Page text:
ganesh
Administrator
Registered: 2005-06-28
Posts: 38,662

Re: crème de la crème

1138) Larry Page

Summary

Lawrence Edward Page (born March 26, 1973) is an American business magnate, computer scientist and internet entrepreneur. He is best known for co-founding Google with Sergey Brin.

Page was the chief executive officer of Google from 1997 until August 2001 (stepping down in favor of Eric Schmidt) then from April 2011 until July 2015 when he moved to become CEO of Alphabet Inc. (created to deliver "major advancements" as Google's parent company), a post he held until December 4, 2019. He remains an Alphabet board member, employee, and controlling shareholder.

Creating Google helped Page build a significant amount of wealth. As of September 2022, Page has an estimated net worth of $98 billion according to the Bloomberg Billionaires Index, making him the sixth-wealthiest person in the world.  He has also invested in flying car startups Kitty Hawk and Opener.

Page is the co-creator and namesake of PageRank, a search ranking algorithm for Google. He received the Marconi Prize in 2004 with co-writer Brin.

Details

Larry Page, byname of Lawrence Edward Page, (born March 26, 1973, East Lansing, Michigan, U.S.), is an American computer scientist and entrepreneur who, with Sergey Brin, created the online search engine Google, one of the most popular sites on the Internet.

Page, whose father was a professor of computer science at Michigan State University, received a computer engineering degree from the University of Michigan (1995) and entered into the doctorate program at Stanford, where he met Brin. The two were both intrigued with the idea of enhancing the ability to extract meaning from the mass of data accumulated on the Internet. Working from Page’s dormitory room, they devised a new type of search engine technology that leveraged Web users’ own ranking abilities by tracking each site’s “backing links”—that is, the number of other pages linked to them.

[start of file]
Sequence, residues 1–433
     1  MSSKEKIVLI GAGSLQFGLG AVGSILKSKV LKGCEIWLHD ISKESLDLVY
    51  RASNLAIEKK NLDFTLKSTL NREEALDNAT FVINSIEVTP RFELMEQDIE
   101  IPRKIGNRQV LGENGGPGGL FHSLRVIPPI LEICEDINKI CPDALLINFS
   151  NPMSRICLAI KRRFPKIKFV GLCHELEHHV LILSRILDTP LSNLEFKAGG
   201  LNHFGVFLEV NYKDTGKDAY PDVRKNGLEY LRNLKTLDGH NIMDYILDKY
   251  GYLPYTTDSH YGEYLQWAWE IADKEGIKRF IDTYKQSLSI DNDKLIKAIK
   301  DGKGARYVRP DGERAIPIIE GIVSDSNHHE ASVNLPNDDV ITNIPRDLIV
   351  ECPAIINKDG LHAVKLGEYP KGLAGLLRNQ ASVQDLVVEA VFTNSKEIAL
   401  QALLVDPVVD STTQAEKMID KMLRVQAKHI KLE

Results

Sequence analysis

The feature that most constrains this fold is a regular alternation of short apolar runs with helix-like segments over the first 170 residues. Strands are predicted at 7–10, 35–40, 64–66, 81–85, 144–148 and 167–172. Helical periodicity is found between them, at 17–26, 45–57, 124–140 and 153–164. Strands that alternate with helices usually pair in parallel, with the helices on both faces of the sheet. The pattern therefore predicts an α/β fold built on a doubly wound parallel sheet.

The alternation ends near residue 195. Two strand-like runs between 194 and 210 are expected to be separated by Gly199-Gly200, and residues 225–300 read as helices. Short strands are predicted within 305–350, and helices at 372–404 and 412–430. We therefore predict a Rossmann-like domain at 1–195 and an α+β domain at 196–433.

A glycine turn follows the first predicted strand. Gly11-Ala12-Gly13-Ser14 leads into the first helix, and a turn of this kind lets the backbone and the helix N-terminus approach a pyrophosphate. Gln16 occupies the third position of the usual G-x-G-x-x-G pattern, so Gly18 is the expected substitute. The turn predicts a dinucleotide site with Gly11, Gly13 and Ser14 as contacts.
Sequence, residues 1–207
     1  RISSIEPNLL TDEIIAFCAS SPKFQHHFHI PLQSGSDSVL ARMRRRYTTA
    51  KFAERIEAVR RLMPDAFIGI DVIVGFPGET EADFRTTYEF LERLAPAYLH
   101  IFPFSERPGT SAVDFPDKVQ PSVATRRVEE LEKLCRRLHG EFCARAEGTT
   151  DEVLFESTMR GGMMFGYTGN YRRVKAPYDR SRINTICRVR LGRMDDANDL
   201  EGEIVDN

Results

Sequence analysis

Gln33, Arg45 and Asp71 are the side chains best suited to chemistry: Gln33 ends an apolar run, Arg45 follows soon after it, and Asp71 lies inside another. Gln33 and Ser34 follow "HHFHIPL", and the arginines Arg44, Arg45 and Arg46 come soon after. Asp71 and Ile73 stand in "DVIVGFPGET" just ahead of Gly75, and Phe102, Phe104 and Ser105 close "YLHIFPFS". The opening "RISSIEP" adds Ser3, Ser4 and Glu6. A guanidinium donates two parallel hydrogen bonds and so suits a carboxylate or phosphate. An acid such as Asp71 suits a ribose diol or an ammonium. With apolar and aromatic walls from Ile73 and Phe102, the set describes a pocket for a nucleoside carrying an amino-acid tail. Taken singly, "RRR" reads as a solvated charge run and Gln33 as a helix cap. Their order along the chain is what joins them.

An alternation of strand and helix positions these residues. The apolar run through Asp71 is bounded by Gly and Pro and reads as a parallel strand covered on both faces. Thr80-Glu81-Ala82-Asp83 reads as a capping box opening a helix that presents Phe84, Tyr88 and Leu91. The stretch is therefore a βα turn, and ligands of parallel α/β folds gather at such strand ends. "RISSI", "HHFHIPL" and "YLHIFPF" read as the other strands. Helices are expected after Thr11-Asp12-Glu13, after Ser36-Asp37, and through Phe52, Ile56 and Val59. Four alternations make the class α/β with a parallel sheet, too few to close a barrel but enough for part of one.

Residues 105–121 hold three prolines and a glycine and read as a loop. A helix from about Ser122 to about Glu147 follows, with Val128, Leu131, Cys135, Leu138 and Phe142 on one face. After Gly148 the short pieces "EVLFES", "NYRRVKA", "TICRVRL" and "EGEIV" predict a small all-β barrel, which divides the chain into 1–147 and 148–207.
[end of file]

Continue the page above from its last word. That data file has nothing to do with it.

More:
In order to further their search engine, Page and Brin raised about $1 million in outside financing from investors, family, and friends. They called their expanded search engine Google—a name derived from a misspelling of the word googol (a mathematical term for the number 1 followed by 100 zeros). By September 1998 the two had founded Google Inc., with Page as chief executive officer (CEO). The next year Google received $25 million of venture capital funding and was processing 500,000 queries per day.

Page stepped down as CEO in 2001 to become president of products. He was replaced as CEO by technology executive Eric Schmidt. However, both he and Brin remained intimately involved in running Google. By 2004 the search engine was being utilized 200 million times a day. On August 19, 2004, Google Inc. issued its initial public offering (IPO), which netted Page more than $3.8 billion. In an acquisition reflecting the company’s efforts to expand its services beyond Internet searches, Google purchased in 2006 the most popular Web site for user-submitted streaming videos, YouTube, for $1.65 billion in stock. In 2011 Page resumed his duties as Google’s CEO, Schmidt having moved to the position of executive chairman. Google was restructured in August 2015 as a subsidiary of the newly created holding company Alphabet Inc., and Page became CEO of Alphabet. Page left that post in December 2019 but continued to serve on Alphabet’s board of directors.

larry-page-medium.jpg